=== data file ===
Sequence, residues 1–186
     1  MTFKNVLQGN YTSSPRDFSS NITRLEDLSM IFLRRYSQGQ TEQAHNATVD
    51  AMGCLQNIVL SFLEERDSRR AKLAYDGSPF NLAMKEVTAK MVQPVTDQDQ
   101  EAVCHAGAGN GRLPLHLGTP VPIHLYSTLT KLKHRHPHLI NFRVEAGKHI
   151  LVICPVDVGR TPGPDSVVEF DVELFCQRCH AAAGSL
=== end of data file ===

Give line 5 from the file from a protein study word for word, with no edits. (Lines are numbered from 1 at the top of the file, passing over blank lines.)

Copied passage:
   151  LVICPVDVGR TPGPDSVVEF DVELFCQRCH AAAGSL